Voigt, 42, will close out his long racing career at the end of the year but is keen to ensure that he remains competitive throughout his final campaign.
“If you do the Tour you want to it in good condition. You want to be part of the team and want to be able to do the work and bring the performance that the team expects of you. At the moment I’m not so sure if I have it. As much as I hate to say it I wish I could be ten per cent stronger,” Voigt told Cyclingnews at the Critérium du Dauphiné.
“The Tour has a pretty intense start. The second stage, even after that a few guys will say goodbye to their GC plans. Then there’s the Roubaix stage so you can only go to the Tour if you’re 100 per cent healthy and ready. As far as I see it we have seven or eight riders for the final five places and we’ll see what happens in the next couple of weeks. Until then we keep racing and keep our fingers crossed.
“It would be an honour to be selected. It’s not just a race but an adventure and to be part of it one more time, I would be proud.”
Trek’s final nine for the grand depart in Leeds will depend on results in this week’s Dauphiné and Tour de Suisse, which starts on Saturday. Both Andy and Frank Schleck with use the latter as their warm-up but Voigt shared his personal thoughts on how the team’s selection may fall.
“These are just my personal thoughts but we have two who are sure in [Fabian] Cancellara and Fränk Schleck. Then we have two others who are very sure in Matthew Busche and Haimar Zubeldia and then I think we have seven guys for five places. That’s just my thoughts,” Voigt told Cyclingnews.
While Fränk Schleck is currently the team’s strongest bet for a GC bid, his younger brother Andy is still in search of form. Historically the pair have raced well together at the Tour and asked if he thought Andy would make the Tour team, Voigt replied:
“There’s still a chance. He’s doing the Tour de Suisse which starts this Sunday but as I said apart from those four nobody knows and I don’t know even if our bosses have made up their minds.”
Voigt certainly didn’t do his chances of a Tour slot any harm with an attack on stage 3 of the Dauphiné. The German led a swift counter move in the closing stages but was reeled in before Nikias Arndt (Team Giant-Shimano) took the win.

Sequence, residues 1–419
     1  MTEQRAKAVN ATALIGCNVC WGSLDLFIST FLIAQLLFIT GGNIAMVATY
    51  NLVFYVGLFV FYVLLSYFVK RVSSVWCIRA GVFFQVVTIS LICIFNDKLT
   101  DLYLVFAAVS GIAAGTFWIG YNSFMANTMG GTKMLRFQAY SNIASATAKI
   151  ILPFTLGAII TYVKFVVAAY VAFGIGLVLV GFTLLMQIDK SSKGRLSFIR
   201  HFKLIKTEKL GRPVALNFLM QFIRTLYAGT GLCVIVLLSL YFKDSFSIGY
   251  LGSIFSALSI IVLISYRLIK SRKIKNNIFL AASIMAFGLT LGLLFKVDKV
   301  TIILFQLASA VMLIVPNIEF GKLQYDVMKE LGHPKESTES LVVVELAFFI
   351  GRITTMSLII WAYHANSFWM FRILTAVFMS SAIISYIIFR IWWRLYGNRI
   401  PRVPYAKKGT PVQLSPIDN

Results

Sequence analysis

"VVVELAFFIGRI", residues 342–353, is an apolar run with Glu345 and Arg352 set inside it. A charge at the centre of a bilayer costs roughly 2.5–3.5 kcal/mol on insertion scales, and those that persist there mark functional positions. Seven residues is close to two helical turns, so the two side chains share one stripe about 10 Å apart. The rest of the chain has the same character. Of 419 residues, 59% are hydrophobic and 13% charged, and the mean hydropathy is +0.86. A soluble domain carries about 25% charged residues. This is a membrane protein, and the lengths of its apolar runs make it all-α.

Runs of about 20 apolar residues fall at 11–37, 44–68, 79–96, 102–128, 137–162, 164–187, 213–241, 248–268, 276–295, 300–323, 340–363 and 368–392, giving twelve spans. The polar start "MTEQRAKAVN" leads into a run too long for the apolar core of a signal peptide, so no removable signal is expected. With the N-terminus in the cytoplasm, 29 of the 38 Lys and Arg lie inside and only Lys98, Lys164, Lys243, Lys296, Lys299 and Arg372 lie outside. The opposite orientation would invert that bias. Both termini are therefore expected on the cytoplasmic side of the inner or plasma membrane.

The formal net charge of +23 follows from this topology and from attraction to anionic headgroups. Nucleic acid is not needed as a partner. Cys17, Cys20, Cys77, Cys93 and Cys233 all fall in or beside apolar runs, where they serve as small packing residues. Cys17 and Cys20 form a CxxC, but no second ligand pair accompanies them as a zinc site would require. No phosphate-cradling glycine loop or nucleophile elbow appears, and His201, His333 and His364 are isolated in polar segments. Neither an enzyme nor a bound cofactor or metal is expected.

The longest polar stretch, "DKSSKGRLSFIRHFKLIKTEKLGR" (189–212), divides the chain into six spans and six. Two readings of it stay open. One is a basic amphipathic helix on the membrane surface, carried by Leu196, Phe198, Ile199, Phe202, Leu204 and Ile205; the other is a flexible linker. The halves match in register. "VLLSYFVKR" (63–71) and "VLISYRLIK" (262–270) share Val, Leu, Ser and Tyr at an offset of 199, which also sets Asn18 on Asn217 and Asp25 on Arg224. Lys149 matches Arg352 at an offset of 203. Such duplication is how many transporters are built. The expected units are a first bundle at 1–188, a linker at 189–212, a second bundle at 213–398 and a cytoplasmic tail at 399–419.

Trek had looked to set up Giacomo Nizzolo for the stage but the Italian crashed out of the race. Luckily he escaped serious injury and although his jersey and shorts were ripped to shreds he was able to join his teammates after the stage.
The loss of the Italian mid-race meant that the team had to refocus and with their sprinter out Voigt went on the offensive.
“Today the plan was to go for Giacomo Nizzolo our sprinter and that’s why we put Hayden Roulston and then Markel Irizar up there. Then, more or less when I started riding and we swapped positions we heard that Nizzolo crashed and was forced to stop the race,” Voigt said.
Voigt joined forces with Yaroslav Popovych when the early three man break was caught, with the German using his teammate to spring clear of the field.
“In the end Popovych looked at me after we caught the break and said ‘you should go.’ I said ‘yeah, I thought about it.’ He gave me a smile and said ‘follow me.’ Then he did the first acceleration for me, swung off, and set me up for the break. At least we tried to show our faces after Giacomo was forced to stop.”
Voigt and the seven riders who joined the escape were caught in with seven kilometres remaining but the Trek team will look towards the final few days of the race as opportunities to attack.
“They way we see the race is that today was probably the only day for a full bunch sprint. From tomorrow we have to follow a new plan maybe we’ll go out all guns firing or we’ll save it for another day. We’re still trying to achieve something. Firstly to keep the top ten for Zubeldia and then to go into breaks and try to force our luck with a top three on a stage or a win.”